Boeing KB-47G Stratojet

Last revised June 21, 2000



As mentioned in the previous post in this series, early in 1953 two B-47Bs were converted for trials with the British-developed hose-and-drogue aerial refuelling system. One of them was to be a tanker, the other the receiver. The tanker was redesignated KB-47G, and the receiver was redesignated YB-47F.

The KB-47G was a single B-47B (serial number 50-040) modified as a experimental hose tanker for the refuelling of the YB-47F which was fitted with a refuelling probe in its nose. During the refuelling operation, a hose and drogue system was unreeled from the bomb bay of the KB-47G, and the YB-47F would fly below and behind and use a nose probe to engage a basket trailed from the end of the hose.

The method did not prove to be practical for the inflight refuelling of the B-47, and the established flying boom system was used for the refuelling of subsequent models.

The Stratojet tanker concept was briefly revised in mid-1956, when it was found that the KB-50s of the Tactical Air Command lacked the speed and altitude performance to refuel the new Century Series fighters. On July 23, 1956, the Air Force authorized the development of a KB-47 two-drogue prototype tanker. However, the cost of the KB-47 conversion promised to be excessively high, and it was found that the addition of two auxiliary jet engines to the KB-50 provided a satisfactory albeit temporary solution to the speed problem. The Air Force canceled the KB-47 program on July 11, 1957.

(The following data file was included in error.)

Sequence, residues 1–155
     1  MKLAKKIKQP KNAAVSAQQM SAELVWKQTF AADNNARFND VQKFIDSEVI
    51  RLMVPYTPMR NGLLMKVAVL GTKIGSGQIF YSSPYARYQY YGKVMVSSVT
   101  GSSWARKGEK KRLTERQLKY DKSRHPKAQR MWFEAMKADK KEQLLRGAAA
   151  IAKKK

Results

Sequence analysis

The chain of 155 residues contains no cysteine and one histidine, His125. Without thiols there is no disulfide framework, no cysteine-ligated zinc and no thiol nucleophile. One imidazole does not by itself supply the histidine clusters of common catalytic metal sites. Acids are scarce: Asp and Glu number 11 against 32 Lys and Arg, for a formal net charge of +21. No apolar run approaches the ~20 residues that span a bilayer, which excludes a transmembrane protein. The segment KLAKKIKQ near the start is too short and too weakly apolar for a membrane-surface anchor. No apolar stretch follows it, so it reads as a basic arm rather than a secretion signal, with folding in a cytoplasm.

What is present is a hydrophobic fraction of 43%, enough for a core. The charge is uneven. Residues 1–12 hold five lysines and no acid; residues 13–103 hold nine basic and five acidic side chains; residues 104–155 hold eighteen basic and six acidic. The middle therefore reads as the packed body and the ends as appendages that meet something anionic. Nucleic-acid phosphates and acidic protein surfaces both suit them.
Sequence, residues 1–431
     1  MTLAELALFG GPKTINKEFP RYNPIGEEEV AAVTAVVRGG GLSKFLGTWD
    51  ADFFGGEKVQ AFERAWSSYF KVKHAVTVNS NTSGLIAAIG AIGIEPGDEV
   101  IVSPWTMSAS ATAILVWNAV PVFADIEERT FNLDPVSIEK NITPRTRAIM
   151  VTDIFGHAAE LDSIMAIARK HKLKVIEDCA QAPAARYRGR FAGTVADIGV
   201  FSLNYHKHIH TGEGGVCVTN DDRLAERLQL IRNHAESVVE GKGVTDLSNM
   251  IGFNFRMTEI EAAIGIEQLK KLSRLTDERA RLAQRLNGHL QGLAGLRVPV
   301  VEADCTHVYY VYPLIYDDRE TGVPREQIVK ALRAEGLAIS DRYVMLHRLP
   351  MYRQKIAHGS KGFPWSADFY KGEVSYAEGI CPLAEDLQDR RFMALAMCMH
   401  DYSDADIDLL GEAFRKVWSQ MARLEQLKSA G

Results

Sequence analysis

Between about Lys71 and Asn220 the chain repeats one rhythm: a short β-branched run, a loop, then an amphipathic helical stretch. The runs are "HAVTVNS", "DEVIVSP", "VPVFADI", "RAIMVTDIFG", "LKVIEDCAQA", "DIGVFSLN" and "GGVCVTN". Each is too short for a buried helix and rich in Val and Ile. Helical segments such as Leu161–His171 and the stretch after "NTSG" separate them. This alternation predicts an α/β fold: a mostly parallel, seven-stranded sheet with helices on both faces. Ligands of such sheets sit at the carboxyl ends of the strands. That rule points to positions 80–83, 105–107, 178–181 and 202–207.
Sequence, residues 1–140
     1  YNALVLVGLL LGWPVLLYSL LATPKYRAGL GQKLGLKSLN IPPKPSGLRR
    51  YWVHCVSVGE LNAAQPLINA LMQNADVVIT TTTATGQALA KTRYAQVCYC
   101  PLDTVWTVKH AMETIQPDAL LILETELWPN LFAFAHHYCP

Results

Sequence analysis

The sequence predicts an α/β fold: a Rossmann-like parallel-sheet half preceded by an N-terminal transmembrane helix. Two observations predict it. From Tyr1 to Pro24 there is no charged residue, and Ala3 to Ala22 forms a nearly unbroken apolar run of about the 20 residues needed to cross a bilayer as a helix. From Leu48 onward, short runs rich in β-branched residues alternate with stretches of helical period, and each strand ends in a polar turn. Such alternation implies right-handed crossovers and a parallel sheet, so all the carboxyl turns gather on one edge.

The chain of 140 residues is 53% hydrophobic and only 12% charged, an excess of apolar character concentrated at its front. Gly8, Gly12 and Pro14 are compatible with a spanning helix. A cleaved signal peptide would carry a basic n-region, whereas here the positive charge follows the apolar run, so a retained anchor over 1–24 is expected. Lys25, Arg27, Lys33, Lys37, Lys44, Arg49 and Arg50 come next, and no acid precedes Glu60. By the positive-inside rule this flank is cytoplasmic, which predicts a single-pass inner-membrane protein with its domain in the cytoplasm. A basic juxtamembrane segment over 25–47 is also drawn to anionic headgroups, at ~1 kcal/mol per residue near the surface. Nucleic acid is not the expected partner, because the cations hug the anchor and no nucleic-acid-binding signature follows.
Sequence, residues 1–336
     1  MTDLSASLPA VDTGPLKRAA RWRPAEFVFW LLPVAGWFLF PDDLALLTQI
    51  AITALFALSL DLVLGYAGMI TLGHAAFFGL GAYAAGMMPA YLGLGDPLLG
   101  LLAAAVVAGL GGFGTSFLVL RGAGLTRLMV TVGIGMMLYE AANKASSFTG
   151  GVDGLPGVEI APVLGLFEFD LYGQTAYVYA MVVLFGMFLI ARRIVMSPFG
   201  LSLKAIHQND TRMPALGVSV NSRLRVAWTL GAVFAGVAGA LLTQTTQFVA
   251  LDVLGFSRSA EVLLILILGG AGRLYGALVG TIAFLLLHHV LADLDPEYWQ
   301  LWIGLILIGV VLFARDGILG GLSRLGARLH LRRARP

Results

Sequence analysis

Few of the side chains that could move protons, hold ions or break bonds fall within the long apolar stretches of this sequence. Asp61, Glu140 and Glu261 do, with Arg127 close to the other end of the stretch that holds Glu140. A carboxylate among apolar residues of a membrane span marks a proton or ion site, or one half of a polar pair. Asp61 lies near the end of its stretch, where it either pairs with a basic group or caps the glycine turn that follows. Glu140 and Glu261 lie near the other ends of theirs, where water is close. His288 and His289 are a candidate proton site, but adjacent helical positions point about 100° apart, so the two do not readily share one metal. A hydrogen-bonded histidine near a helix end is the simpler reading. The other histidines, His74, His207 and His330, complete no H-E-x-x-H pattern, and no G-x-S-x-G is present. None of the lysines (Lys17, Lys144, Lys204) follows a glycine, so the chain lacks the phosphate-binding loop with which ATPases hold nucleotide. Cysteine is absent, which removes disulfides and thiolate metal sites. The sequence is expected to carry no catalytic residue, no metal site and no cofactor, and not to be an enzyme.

Sources:


  1. American Combat Planes, Third Enlarged Edition, Ray Wagner, Doubleday, 1982.

  2. Post World War II Bombers, Marcelle Size Knaack, Office of Air Force History, 1988.

  3. The Boeing B-47, Peter Bowers, Aircraft in Profile, Doubleday, 1968.

  4. Boeing Aircraft Since 1916, Peter M. Bowers, Naval Institute Press, 1989.

  5. United States Military Aircraft Since 1909, Gordon Swanborough and Peter M. Bowers, Smithsonian, 1989.